Usually when I’m playing an online FPS nowadays I’m not muting people for harassing, I’m muting them because they’re either a) singing or b) playing their rap music over the speakers.

(If you do this, please don’t. No one likes your music.)

 

5.) If you do ban people for harassment, it can’t just be for sexism.

Originally, it was stated around all the media outlets that Halo 4 was taking a stance specifically against sexism. Now, it was clarified that other types of harassment such as racism and homophobia would also be taken seriously. I don’t know if it was the media taking one aspect of the story and blowing it out of proportion or if 343 Industries and Microsoft reconsidered their stance.

In either case, as a woman I do not necessarily appreciate someone overly focusing on sexism when there are plenty of other types of harassment that need addressing. It makes me feel like I’m a special case, that needs tending to.

All types of harassment should be addressed and punished equally.

 

 

Will a company ever be able to successfully ban players who rightfully deserve it? Let’s hope so. But I believe a lot of the problems are from kids who shouldn’t be playing the games to begin with. The ratings are in place for a reason but are very often not followed.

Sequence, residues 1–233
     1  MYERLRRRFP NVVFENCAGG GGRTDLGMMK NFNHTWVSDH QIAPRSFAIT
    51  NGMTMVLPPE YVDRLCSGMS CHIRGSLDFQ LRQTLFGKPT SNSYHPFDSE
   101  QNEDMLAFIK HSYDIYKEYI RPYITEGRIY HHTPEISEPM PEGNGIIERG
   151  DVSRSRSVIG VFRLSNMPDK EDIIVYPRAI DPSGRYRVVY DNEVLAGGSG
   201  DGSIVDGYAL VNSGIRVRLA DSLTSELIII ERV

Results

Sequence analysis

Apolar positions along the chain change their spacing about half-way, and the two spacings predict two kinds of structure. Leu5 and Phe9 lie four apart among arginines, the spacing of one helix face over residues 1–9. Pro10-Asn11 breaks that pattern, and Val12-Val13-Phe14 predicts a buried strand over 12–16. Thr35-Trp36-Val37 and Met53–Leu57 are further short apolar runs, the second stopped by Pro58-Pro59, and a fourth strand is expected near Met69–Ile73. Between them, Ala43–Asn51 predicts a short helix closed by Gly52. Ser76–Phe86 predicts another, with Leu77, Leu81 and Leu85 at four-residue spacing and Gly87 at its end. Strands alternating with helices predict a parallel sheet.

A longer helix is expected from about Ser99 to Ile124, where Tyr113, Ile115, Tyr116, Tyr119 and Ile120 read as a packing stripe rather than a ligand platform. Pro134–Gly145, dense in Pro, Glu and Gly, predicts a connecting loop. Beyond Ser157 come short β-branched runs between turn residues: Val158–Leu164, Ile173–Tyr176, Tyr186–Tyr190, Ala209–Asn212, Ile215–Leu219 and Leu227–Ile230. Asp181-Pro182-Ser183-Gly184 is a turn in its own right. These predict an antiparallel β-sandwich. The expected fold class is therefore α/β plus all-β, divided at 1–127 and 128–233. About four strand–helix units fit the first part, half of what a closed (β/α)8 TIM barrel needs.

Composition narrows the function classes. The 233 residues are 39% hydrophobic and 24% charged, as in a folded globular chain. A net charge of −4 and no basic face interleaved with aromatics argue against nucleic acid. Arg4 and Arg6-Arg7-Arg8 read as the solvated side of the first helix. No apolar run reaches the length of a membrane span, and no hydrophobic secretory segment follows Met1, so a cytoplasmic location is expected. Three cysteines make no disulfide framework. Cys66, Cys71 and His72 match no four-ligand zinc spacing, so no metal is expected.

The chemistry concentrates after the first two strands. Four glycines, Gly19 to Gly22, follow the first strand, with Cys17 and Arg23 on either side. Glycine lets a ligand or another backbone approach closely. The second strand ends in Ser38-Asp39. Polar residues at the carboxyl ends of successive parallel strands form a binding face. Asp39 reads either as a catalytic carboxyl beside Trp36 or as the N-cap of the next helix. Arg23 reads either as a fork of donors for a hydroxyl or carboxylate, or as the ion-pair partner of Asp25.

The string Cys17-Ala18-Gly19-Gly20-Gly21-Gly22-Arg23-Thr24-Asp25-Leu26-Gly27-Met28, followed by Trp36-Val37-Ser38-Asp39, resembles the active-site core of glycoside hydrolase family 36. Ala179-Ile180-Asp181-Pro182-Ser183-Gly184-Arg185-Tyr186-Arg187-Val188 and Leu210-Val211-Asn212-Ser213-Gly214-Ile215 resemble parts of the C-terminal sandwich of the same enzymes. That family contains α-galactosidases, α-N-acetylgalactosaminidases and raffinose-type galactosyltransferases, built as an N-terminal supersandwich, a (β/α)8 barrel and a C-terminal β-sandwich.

Online gaming is a social environment, and not everyone is going to get along. But how can a company sit and play mediator all the time for a, “he said, she said” battle? I think there needs to be a better system in place, but until then, the mute button is always an option.

Don’t get me wrong.  I welcome these bans with open arms, but I also don’t want to see good people losing permanent access to Xbox Live over wrong accusations from a bad system.  Were all these empty threats, or a serious beginning to cracking down on something that has turned gaming into something less fun for others?

I think instant permabans isn’t the right way to go about these issues, but I also don’t think people should go around tattling over every offensive comment.

I hope that all forms of harassment are treated as equally offensive, not just sexism.

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Julie W

 
Julie W
Editor in Chief / Site Owner - Playing games since the Sega Master System and Atari, Julie has a love for games of all kinds; although her main focus in gaming is RPGs, RTS, and simulation. If she's not writing or playing a video game, Julie is baking nerdy cakes, playing piano, or illustrating.